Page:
Aggregate figures for 2005-06 show that nearly one in five children in southern European countries (Malta, Greece, Portugal, Italy and Spain), are overweight or obese. Fewer than one in ten children in selected eastern European countries (Lithuania, Latvia, the Slovak Republic and Estonia) as well as in the Netherlands, Switzerland and Denmark are overweight or obese.

The report states that there is no clear association between weight problems and weight reduction behaviours at the national level. In most countries, the number of children who say that they are trying to lose weight is greater than the number with excess weight problems.

Countries where few children report excess weight problems also report weight reduction behaviours close to the EU average. Many of the countries with the highest rates of overweight and obese children have similar levels of weight reduction behaviour (about 13%).

There are significant differences among children with excess weight problems, according to their age. For example, in some countries older children have more excess weight than younger children. In other countries the opposite is true (The Netherlands, Norway, Sweden, Iceland and Switzerland, report increases in overweight and obesity rates for both boys and girls as children get older).

Rates of overweight and obesity among boys and girls are increasing across the European Union (Table 1). Average reported rates of overweight and obesity increased between 2001-02 and 2005-06 from 12% to 16% for 15-year-old boys, and from 7% to 9% for girls. Between 2001-02 and 2005-06, every surveyed country reported an increase in overweight or obesity for boys aged 15. The largest increases during the four year period were found in Austria, Lithuania and Poland.

A similar pattern of increases is seen for girls, with rates in Portugal and Germany almost doubling. Table 1: Change in obesity rates between 2001- 02 and 2005-06, for 15 year-old boys and girls Only Ireland, Norway and the United Kingdom reported reductions in the proportion of overweight or obese girls at age 15 between 2001-02 and 2005-06 (because non-response rates to questions of self-reported height and weight were high in these countries, the authors noted that a cautious interpretation is required).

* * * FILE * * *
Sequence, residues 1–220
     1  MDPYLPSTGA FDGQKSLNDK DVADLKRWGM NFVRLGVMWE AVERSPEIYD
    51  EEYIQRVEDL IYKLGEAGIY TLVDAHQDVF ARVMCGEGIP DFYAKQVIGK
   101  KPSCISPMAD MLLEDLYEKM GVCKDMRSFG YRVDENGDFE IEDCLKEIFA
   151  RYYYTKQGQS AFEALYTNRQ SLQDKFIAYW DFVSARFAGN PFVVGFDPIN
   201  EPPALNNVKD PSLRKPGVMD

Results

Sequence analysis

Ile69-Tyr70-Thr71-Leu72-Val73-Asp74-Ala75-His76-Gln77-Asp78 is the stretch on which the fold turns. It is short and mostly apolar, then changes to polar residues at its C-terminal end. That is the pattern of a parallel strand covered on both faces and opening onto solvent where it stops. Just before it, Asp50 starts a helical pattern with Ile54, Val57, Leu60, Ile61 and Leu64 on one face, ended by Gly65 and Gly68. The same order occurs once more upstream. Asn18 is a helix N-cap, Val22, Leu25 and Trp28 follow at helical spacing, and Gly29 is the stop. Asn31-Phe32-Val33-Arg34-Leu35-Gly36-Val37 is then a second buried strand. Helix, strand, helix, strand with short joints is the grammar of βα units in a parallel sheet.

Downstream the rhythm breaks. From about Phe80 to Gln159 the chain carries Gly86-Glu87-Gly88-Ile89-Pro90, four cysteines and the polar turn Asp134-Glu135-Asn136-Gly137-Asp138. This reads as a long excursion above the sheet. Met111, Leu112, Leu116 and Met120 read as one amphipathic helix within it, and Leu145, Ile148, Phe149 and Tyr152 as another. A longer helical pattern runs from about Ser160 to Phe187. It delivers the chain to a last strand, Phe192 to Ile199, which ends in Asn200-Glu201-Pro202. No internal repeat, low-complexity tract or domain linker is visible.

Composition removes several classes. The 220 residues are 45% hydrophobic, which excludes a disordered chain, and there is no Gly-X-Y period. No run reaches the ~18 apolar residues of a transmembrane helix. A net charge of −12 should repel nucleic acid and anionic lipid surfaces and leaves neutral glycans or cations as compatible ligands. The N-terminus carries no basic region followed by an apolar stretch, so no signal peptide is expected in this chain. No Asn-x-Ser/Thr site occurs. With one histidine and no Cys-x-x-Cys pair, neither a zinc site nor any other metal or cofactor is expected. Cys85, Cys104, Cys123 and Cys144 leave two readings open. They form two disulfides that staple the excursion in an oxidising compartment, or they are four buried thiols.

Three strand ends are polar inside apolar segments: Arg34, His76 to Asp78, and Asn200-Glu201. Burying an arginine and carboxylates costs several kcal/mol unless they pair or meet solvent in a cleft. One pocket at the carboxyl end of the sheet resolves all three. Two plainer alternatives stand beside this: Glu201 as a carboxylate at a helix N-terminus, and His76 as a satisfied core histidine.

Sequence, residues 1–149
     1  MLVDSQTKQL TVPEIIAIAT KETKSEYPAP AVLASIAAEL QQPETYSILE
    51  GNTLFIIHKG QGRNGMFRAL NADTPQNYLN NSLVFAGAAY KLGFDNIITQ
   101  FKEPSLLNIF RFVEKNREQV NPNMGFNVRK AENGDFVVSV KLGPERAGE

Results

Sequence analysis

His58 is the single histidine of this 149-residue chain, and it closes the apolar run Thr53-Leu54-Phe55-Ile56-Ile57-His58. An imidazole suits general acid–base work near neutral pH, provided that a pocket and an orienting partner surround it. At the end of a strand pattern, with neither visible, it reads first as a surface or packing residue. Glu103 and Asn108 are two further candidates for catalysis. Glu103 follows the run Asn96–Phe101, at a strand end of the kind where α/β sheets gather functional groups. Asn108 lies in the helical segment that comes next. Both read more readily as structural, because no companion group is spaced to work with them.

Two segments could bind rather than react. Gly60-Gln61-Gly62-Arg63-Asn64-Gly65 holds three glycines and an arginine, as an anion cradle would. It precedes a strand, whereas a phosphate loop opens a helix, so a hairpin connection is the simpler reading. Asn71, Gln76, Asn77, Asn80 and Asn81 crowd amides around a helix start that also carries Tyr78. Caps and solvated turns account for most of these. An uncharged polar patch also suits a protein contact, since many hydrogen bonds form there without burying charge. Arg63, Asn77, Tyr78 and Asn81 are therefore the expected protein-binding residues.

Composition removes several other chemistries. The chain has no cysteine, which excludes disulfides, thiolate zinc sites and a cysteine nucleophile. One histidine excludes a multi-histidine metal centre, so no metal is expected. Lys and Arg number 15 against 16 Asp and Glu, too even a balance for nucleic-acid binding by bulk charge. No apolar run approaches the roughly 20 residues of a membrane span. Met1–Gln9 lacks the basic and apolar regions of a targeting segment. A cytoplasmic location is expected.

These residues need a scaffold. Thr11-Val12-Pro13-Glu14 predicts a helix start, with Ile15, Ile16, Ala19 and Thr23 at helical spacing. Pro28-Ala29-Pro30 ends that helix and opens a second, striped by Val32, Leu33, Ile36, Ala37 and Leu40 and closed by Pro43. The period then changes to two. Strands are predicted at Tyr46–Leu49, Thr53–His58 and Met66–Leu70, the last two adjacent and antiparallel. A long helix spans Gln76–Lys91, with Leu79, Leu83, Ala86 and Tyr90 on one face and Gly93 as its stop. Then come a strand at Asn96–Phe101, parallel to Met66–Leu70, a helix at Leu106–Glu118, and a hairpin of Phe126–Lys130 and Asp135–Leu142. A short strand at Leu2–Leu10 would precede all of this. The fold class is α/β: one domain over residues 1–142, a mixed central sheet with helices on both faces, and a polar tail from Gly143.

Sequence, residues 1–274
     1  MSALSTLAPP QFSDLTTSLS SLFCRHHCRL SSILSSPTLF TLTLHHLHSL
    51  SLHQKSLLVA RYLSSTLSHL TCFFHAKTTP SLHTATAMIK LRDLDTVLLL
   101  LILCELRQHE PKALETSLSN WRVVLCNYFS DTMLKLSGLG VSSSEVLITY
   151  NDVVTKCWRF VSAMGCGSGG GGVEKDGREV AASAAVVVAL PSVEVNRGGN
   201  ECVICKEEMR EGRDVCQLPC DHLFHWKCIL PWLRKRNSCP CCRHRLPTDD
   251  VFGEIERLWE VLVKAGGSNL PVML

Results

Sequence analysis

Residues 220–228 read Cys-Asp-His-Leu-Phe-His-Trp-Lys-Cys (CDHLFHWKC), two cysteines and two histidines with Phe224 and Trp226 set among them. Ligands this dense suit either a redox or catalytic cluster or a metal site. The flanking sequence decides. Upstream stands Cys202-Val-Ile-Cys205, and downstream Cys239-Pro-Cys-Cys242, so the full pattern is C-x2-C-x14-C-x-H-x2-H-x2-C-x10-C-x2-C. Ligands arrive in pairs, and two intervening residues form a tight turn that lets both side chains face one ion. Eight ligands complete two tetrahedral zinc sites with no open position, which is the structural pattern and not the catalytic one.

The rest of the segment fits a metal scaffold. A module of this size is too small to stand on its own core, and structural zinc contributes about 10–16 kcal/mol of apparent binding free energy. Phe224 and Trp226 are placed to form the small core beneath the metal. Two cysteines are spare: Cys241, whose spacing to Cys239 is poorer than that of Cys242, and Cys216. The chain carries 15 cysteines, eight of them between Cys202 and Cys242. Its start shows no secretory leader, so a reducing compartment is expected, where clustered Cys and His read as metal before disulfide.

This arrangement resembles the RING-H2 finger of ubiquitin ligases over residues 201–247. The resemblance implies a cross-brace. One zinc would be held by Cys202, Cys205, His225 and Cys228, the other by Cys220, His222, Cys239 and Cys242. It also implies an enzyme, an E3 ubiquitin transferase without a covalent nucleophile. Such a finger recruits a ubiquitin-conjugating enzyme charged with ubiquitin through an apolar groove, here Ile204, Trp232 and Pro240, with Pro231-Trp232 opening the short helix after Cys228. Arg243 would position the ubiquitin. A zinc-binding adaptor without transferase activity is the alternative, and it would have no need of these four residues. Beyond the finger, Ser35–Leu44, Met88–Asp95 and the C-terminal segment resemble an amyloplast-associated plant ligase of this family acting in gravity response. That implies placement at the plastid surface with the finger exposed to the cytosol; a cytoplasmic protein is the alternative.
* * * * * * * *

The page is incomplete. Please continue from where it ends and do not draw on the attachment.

Adults

The growth in overweight and obesity rates among adults is a major public health concern. More than half (50.1%) of the adult population in the European Union are overweight or obese. The prevalence of overweight and obesity among adults exceeds 50% in 15 of 27 EU countries. In contrast, overweight and obesity rates are much lower in France, Italy and Switzerland, although rates are also increasing in these countries.

There is little difference in the average obesity rate of men and women in the European Union, with both at around 15% (Table 2). However, there is some variation among individual countries, with men generally being more obese than women in Norway, Malta and Italy, whereas women are more obese in Latvia, Turkey and the Netherlands.

The largest disparities in obesity between men and women were in Latvia, whereas there was little, if any difference in male and female obesity rates in the Czech Republic, Poland and Sweden. The rate of obesity has more than doubled over the past 20 years in most EU countries for which data are available. The rapid increase occurred regardless of what the levels of obesity were two decades ago (Table 3). Obesity more than doubled in both the Netherlands and the United Kingdom between 1988 and 2008, even though the rate in the Netherlands is currently less than half that of the United Kingdom.

In most countries the rise in obesity has affected all population groups regardless of sex, age, race, income or education level, but to varying extents. Evidence from a number of countries, including Austria, England, France, Italy and Spain, indicates that obesity tends to be more common among individuals in disadvantaged socio-economic groups, with this relationship being particularly strong among women (Sassi et al., 2009b). There is also a relationship between the number of years spent in full-time education and obesity, with the most educated individuals displaying lower rates, with the gradient in obesity is stronger in women than in men (OEC D, 2010c).